The earliest Christians were followers of Jesus in a world in which they had no political power or cultural influence. The earliest followers of Jesus were Palestinian Jews, but the movement soon spread to Jews in the Diaspora, the larger world of Hellenistic (Greek) civilization and Roman law. But Gentiles were soon attracted to the way of life and faith introduced by Jesus and before long became a majority in the movement.
Jews and Christians eventually went their separate ways. The Christians continued to acknowledge their indebtedness to Israel by teaching their children the 10 commandments and the Psalms, and in fact by adopting the Hebrew Scriptures as their Bible. Of course, for most of them it wasn’t actually the Hebrew Bible–it was the Greek Version of it, or a translation based on the Greek (aka the LXX or Septuagint).
By the way, there is an important omission in this summary. Many early Christians spread into the middle east: Syria, Iraq, and Persia in particular–and some went to the far east: China and India for example. This is important and should be studied. But for this class, we are mainly concerned with the development of western civilization and its influence on the interpretation of the Bible.
Until Galerius and Constantine issued the “Edict of Toleration,” Christians were an often-persecuted minority. Beginning in the second century some educated Christians such as Justin began defending their lives and their faith. They appealed to the Greek philosophers and sometimes compared their leaders and even their Savior to Socrates who was persecuted in his search for truth.
By the fifth century, Christians had become prominent and influential. When Rome was sacked by Alaric and the Vandals in 410, some of the old Romans blamed the spreading Christian movement. “See what happened when we stopped serving the old gods who defended us for a thousand years!” they said.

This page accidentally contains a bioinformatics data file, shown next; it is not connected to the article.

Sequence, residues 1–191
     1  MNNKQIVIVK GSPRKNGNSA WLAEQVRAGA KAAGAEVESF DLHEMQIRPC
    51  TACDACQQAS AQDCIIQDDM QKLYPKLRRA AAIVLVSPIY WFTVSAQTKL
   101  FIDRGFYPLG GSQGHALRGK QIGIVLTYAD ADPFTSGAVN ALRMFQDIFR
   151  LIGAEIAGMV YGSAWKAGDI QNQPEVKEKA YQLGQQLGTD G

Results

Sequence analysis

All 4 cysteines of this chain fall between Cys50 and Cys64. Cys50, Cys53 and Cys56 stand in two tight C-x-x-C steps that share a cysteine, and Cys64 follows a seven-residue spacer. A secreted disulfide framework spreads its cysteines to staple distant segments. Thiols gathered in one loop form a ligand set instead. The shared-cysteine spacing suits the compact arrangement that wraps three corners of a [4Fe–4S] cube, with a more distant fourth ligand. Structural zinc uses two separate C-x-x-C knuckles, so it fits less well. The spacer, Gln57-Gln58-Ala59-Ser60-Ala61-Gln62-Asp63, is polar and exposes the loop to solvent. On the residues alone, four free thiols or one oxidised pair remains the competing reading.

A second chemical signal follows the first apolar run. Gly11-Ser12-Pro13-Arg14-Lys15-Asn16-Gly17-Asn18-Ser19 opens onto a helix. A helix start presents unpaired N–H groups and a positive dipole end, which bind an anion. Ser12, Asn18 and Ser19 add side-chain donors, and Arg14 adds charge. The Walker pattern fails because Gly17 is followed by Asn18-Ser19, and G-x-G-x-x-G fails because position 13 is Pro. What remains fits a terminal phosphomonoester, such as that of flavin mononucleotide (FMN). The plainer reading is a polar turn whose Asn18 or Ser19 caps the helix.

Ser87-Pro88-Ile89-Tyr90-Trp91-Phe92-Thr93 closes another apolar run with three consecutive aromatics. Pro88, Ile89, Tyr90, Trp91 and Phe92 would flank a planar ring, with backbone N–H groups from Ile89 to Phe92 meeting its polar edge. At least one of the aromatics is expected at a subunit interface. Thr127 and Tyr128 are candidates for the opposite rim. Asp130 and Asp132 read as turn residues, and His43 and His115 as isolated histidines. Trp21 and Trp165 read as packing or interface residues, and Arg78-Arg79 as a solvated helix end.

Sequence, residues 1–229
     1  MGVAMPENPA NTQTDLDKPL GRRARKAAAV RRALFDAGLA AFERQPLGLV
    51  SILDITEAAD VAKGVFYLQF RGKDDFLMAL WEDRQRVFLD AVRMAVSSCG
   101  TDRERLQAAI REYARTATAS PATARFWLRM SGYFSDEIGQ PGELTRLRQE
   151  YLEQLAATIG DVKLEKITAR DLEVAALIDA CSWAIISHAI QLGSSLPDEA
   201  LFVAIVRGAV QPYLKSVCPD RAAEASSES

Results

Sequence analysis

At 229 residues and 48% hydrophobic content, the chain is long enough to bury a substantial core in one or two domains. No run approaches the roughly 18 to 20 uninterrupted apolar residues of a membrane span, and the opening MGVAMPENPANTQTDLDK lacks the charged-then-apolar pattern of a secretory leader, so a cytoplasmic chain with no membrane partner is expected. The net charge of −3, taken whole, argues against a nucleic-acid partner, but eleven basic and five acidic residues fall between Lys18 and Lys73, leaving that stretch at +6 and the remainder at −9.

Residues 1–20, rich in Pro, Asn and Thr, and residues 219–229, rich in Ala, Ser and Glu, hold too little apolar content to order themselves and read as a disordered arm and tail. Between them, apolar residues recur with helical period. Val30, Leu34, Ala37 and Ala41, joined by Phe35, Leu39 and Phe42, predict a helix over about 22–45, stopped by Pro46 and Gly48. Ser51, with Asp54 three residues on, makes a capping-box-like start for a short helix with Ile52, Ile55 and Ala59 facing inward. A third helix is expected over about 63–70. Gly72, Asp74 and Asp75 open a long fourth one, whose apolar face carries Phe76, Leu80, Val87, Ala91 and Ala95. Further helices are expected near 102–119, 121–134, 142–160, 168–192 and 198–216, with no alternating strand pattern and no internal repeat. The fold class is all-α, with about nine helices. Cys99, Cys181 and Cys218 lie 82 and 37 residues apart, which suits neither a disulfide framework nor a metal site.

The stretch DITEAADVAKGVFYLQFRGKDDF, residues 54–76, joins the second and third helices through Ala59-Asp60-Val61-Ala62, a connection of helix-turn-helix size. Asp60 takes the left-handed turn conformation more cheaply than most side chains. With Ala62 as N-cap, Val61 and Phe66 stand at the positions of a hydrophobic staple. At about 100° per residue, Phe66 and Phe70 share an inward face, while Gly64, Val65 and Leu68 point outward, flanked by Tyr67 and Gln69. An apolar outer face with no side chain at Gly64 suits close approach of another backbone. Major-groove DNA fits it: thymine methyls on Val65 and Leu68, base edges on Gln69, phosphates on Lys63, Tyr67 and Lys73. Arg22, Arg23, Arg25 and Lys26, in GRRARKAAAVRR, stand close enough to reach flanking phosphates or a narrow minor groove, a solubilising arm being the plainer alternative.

Augustine responded by writing “The City of God,” and in the process created the basis for a new civilization that we call the Christendom. We could also say this was the end of the Roman empire and the beginning of the Middle Ages. The civilization of the Middle Ages was based on the Christian faith, built on the foundations of classical civilization. In particular Roman law and administration, and the philosophy and poetry of the Greeks as adopted by the Romans and expressed in Latin.
The Latin language, the classical heritage, and the Christian faith gave a unity to the middle ages.
Augustine had been profoundly influenced by Platonic philosophy. Plato was more interested in eternal truths than the shadows and illusions of this world. For Augustine that fit perfectly with the Christian longing for a heavenly city whose builder and maker is God.
Chaos descended on the ruins of the Roman empire, but faith in the heavenly city sustained this new civilization through difficult days. meanwhile, monks in Ireland and other places were keeping literature and literacy alive, as they opened schools for orphaned children and copied the Bible and the classics of the classical world.